In 2017, Karen was finally ordained as a priest in the ACNA at age fifty-seven, soon after she and Kevin became rector and associate rector at Church of the Savior. For the last three years, Karen has led and pastored this congregation while also coaching and developing leaders, especially women leaders in the church.
Facing the Challenges of Being a Woman in Ministry
Karen has had strong support from her husband since early in her marriage. Her supervisors quickly recognized her leadership abilities, and they gave her significant responsibilities, opportunities to develop new ministries, and the freedom to coach other leaders. Still, in nearly every position she held both inside and outside the church, Karen hit the (stained) glass ceiling.
She was passed over for a promotion by one supervisor who assumed that, as a wife and mother, she wouldn’t want the workload. She was denied ordination in two different churches because she is a woman. Even as her own confidence and skills grew over the years, she remained limited by the views towards women in the churches where she served and led.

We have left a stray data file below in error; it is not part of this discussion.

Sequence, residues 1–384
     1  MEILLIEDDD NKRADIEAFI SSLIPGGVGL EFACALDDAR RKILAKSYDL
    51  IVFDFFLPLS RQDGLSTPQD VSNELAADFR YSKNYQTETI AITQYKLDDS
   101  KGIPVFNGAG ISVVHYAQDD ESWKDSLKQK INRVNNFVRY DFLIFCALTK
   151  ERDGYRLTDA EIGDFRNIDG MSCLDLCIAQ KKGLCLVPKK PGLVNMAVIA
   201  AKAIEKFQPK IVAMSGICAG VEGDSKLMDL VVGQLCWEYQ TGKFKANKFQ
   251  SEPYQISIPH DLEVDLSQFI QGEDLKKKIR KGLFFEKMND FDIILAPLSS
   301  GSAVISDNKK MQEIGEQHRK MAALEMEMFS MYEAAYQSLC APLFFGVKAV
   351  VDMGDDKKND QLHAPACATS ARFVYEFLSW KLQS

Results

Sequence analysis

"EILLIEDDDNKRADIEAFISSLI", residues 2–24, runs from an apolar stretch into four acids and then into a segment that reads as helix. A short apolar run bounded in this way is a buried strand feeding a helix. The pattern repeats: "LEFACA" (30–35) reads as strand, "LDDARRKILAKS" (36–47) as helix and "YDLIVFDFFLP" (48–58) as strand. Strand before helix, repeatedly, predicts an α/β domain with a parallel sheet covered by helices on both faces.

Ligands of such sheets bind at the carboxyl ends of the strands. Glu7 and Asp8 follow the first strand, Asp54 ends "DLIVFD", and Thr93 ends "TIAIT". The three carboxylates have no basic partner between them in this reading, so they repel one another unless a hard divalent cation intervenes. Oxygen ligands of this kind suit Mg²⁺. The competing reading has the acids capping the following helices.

Early in her journey, Karen felt a clear call to lead in the church along with a word from God: pioneer. As she faced challenges and discouragement, she clung to this call and drew encouragement from it even as she remained in churches that were not fully egalitarian in their views. And she thrived in her various leadership roles, even amid the unique challenges she faced as a woman in church leadership.
But after her many years of pioneering in an Anglican church where women were barred from certain leadership positions, Karen still deeply desired to be ordained as a priest within this denomination. Ordination meant moving to a church where women could lead equally and, finally, gaining the freedom to use her gifts fully as a priest and rector. Now, at age sixty, Karen is thriving at Church of the Savior; she explains that she now feels “like a bird set free to fly.
Changes, Lessons, and New Challenges
The challenges Karen faced in her first Vineyard church position in the 1980s did not change much in ensuing years or in ACNA churches. But despite the constant external limitations, Karen continued to learn and grow as a leader. She honed her skills, developed her spiritual life, and worked on increasing her resilience. She relied on the support of mentors, groups of women in similar jobs, and many biographies of other women in leadership.